4. The method of claim 1, wherein the package resembles something other than a container.
5. The method of claim 4, wherein the package resembles a mobile phone.
6. The method of claim 4, wherein the package resembles a pager.
7. The method of claim 4, wherein the package resembles a cigarette pack.
8. The method of claim 1, farther comprising the step of disposing within the package at least one accessory with the vacuum-sealed diaper.
9. The method of claim 1, wherein the vacuum under which the diaper is sealed within the encasement is between about 5 mbar and 1 mbar.
10. The method of claim 1, wherein the width of the diaper is reduced generally by at least 50% in said step (a)(i).
11. The method of claim 1, wherein the length of the diaper is reduced generally by at least 33% in said step (a)(ii).
12. The method of claim 1, wherein the length of the diaper is reduced generally by at least 25% in said step (a)(ii).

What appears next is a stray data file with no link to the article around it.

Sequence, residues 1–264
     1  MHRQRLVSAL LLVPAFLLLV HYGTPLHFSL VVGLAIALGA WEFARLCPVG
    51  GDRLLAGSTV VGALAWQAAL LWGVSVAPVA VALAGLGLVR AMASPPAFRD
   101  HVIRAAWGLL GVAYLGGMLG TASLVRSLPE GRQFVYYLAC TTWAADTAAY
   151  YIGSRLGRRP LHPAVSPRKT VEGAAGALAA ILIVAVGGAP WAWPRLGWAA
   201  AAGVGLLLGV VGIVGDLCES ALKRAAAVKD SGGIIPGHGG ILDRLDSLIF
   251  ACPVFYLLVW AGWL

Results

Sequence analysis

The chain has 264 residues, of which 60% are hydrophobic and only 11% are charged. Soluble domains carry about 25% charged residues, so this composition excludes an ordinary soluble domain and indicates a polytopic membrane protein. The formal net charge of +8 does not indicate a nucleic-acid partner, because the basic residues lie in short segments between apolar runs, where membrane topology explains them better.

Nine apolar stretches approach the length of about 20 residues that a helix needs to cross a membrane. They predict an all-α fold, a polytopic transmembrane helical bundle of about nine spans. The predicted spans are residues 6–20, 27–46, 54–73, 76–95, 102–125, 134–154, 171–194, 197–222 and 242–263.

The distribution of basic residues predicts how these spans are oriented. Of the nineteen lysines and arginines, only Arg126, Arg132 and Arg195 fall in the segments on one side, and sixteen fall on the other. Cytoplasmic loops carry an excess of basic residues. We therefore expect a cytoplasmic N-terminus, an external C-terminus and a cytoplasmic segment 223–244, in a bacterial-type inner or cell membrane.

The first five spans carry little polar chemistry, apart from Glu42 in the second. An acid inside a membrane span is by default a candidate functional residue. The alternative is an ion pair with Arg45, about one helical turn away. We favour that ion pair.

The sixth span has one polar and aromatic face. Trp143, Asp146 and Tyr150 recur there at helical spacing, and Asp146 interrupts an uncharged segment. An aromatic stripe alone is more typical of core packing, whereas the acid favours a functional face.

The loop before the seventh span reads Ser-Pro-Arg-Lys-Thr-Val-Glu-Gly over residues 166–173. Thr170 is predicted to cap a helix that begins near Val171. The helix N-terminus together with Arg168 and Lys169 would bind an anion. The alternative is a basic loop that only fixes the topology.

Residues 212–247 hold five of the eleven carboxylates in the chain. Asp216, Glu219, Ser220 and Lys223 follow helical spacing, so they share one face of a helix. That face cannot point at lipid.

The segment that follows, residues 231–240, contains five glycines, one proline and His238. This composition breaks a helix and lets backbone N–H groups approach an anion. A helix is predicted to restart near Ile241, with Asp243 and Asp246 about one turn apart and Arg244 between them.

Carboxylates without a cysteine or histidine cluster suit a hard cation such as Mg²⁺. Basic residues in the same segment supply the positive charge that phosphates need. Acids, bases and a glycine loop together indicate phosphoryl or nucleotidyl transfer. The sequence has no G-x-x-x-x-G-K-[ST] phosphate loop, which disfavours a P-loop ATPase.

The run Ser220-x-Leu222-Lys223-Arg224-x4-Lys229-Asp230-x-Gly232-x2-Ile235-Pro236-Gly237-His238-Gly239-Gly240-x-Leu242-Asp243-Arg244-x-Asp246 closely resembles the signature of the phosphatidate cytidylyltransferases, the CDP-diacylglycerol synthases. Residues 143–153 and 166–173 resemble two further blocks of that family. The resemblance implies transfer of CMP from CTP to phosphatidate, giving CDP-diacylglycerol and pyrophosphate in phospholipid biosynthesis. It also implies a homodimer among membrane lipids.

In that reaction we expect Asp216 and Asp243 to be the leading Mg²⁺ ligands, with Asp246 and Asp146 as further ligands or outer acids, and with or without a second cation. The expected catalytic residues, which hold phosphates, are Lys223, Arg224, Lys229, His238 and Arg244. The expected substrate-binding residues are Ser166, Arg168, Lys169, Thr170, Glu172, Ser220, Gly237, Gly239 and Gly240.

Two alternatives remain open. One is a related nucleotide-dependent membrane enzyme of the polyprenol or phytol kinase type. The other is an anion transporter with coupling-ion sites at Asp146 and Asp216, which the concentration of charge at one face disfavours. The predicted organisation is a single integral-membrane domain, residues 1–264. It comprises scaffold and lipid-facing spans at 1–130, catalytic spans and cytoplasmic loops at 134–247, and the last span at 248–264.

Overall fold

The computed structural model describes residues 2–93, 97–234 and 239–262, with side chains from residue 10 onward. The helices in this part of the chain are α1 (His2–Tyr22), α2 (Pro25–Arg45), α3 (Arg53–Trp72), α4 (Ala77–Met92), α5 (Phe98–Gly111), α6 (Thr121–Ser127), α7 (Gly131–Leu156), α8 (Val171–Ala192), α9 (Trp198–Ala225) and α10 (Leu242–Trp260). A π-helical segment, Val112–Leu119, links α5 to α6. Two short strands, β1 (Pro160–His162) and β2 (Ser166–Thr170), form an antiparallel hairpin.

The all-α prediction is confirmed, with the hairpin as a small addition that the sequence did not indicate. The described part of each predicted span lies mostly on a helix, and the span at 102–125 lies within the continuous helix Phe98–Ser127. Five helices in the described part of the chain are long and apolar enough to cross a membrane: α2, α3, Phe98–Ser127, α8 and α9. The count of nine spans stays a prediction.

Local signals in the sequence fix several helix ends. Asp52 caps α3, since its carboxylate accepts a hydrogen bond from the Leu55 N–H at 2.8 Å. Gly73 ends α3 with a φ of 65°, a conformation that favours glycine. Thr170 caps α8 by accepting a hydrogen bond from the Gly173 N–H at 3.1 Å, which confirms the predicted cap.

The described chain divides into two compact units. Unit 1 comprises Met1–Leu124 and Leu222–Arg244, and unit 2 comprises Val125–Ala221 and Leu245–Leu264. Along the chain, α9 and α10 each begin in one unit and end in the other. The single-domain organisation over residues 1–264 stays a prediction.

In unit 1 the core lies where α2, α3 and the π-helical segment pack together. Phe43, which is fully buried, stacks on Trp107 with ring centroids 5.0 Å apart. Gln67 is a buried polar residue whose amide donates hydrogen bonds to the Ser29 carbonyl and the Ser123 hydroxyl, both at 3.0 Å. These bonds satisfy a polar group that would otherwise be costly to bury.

13. The method of claim 1, wherein the diaper vacuum-sealed within the encasement includes a generally rectangular configuration having three dimensions comprising a width, length, and height, and wherein the sum of two of said three dimensions is less than 10 cm with no single dimension of said three dimensions exceeding 10 cm.
14. The method of claim 1, wherein the diaper vacuum-sealed within the encasement includes a generally rectangular configuration having three dimensions comprising a width, length, and height, and wherein none of the three dimensions exceeds about four inches.
15. The method of claim 1, wherein the diaper vacuum-sealed within the encasement includes a generally rectangular configuration having three dimensions comprising a final width, final length, and final height, and wherein the final height is approximately equal to an initial height of the diaper in the initial configuration.
16. The method of claim 1, wherein the diaper vacuum-sealed within the encasement includes a generally rectangular configuration having three dimensions comprising a final width, final length, and final height, and wherein the final length is between two and four inches and wherein the final height exceeds neither the final length nor the final width.